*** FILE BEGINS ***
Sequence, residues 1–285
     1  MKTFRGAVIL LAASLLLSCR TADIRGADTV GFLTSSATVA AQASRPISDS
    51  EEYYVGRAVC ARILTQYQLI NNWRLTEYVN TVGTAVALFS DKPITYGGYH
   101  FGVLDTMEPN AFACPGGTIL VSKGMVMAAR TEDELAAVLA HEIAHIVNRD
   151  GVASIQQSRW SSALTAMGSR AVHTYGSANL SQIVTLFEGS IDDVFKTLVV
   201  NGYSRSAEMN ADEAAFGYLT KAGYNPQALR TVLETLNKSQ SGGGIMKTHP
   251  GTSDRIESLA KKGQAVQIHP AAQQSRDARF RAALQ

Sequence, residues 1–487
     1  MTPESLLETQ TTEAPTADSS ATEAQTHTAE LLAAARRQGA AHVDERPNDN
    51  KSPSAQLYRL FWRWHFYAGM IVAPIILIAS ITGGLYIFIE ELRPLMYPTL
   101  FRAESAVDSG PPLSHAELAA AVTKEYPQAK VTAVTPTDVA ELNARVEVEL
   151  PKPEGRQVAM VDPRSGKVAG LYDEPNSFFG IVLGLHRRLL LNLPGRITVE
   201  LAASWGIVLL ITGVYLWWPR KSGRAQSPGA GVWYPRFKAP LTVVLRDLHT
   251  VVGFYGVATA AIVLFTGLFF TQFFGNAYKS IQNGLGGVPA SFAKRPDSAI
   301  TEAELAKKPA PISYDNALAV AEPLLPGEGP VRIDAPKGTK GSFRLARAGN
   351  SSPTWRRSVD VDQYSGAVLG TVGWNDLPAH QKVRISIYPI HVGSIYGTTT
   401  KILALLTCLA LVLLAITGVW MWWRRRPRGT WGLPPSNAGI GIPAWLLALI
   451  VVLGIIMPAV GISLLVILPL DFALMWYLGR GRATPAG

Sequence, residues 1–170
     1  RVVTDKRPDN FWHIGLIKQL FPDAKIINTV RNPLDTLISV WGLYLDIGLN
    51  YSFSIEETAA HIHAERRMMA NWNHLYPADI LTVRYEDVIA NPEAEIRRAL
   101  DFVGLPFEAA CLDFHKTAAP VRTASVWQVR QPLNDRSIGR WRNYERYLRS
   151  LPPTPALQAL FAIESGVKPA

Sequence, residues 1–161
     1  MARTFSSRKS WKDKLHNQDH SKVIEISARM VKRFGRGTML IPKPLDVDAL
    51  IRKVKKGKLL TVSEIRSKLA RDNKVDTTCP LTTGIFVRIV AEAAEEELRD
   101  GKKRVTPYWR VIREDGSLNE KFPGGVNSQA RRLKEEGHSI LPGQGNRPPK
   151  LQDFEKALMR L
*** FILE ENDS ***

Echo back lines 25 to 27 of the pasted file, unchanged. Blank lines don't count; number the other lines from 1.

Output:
     1  MARTFSSRKS WKDKLHNQDH SKVIEISARM VKRFGRGTML IPKPLDVDAL
    51  IRKVKKGKLL TVSEIRSKLA RDNKVDTTCP LTTGIFVRIV AEAAEEELRD
   101  GKKRVTPYWR VIREDGSLNE KFPGGVNSQA RRLKEEGHSI LPGQGNRPPK